(10) What does New Age say about Jesus Christ?

Most New Agers do not believe that Jesus Christ is God in the way that Catholic Christian faith does.  On the contrary, New Agers hold that the “christic consciousness” that animates Jesus Christ is essentially a type of vibration of the energy of the cosmos or universe.  This profound consciousness penetrates all things and can incarnate itself in various avatar or spirit guides or masters, who guide humanity toward the New Age.

At one time, New Agers claim, this cosmic consciousness manifested itself in Jesus of Nazareth, from the time of his baptism.  They further claim that during our times, the Christ returns in different Messiahs, such as Maitreya or Ishvara, who inaugurate the Age of Aquarius.  This Aquarian Christ has  in his hands the future of the universe, and will put an end to the Christianity of the Age of Pisces.  He shall be one of the many faces of the christic Spirit, in the same way as the great adepts of the various forms of gnosis or esoteric knowledge.  His knowledge and his powers have come to him from the teachings of the great adepts who preceded him. There is not only one Christ as the Church teaches.  Rather, in the course of the ages, there are several persons who shall become Christ’s by virtue of initiation into this profound cbristic consciousness.

In other words, most New Age groups say that Jesus Christ was just another enlightened teacher among many others. They say that the only difference between Jesus Christ and other human beings   was that he became aware of his divinity, while most men and women are yet to discover theirs.  In this way, New Age denies Jesus Christ’s unique, unrepeatable character as Son of God and rejects the fact of God becoming human to save us from sin and all other evils that oppress us and to guide us to the fullness of life and happiness.

(11) Can you describe the claim of some New Agers that during his earthly life Jesus traveled to other lands, learned the ancient wisdom of these lands, and taught this to his disciples?

Some New Agers, in order to justify their teachings that depart from correct Christian teaching, especially about Jesus Christ, claim knowledge of the “hidden years” or “unknown years” of his earthly life, knowledge not available in the Bible as we know it now, nor in the teachings of Christianity.  In this connection, New Agers claim that during his youth Jesus traveled to other lands and there learned the ancient wisdom of these lands. They further claim that upon attaining the stature of a teacher Jesus taught his disciples this ancient wisdom, quite akin to present-day New Age beliefs, but that those who later wielded power in the Christian Church suppressed these teachings within the first centuries of its existence.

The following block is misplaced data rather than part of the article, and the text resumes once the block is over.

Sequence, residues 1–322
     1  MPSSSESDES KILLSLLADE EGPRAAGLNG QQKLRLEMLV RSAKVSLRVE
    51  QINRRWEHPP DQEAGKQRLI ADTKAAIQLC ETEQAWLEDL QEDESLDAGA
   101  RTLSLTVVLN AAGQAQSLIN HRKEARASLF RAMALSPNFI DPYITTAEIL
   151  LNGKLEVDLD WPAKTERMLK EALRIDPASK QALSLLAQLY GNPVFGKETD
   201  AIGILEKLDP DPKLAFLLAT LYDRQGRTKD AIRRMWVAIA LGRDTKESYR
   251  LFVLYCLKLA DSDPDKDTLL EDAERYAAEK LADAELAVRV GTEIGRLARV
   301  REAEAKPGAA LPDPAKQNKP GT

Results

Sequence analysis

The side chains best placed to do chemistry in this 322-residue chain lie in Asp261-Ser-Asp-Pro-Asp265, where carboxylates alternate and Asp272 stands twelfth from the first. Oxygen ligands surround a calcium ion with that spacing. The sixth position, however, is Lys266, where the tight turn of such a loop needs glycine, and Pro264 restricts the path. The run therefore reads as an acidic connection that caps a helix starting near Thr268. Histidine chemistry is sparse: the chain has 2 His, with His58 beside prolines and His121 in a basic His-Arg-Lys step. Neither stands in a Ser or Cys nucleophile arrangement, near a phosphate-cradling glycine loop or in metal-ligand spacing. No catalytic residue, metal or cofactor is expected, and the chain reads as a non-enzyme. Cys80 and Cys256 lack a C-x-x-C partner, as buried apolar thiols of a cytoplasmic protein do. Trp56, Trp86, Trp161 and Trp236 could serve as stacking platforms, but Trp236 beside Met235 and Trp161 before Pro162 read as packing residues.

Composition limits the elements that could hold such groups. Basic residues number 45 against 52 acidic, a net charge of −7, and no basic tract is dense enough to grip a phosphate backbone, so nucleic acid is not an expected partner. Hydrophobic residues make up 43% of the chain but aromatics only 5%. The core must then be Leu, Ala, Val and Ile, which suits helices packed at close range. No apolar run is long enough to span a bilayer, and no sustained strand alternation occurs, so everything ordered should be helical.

Two of the more widely known of the many versions of such claims about the “hidden years” of Jesus are found in The Unknown Life of Jesus Christ, by Nicholas Notovitch, and in The Aquarian Gospel of Jesus the Christ, by Levi H. Dowling.  Notovitch bases his claims on personal travels and alleged ancient literary sources, while Dowling claims to have discovered the information by tapping the Akashic Records, chronicles that are believed by New Agers to have been preserved in the “astral plane,” an alternative dimension of reality, which carries the imprint of everything that ever happened.

Notovitch, a Russian, claims to have discovered documents that prove that Jesus traveled to the East and studied under several Hindu and Buddhist teachers. He describes his journeys to India, Kashmir, and then to Tibet, where, in the library of an ancient lamasery, he discovered an old manuscript that contained reports of the travels and teachings of Jesus. At the age of 13, Jesus is said to have secretly left his family and embarked on a trip to the East in order to perfect himself and to study the works of the great Buddha. He traveled in various Eastern countries where he became acquainted with Hinduism, Buddhism, and other religions prevalent in the East. Back in Palestine, he propagated the ancient wisdom he had learned, and came into conflict with those who opposed his teaching.  It is Pilate who finally condemned Jesus, while the Jewish priests and elders found no fault in him and implored Pilate to release him.  Jesus was crucified between two thieves, but his body was removed by Pilate’s order and buried elsewhere.  The resurrection is omitted, if not completely denied. , In general, Notovitch gives a picture of Jesus as a glorious prophet chosen by God to fight idolatry and magic wherever they occur.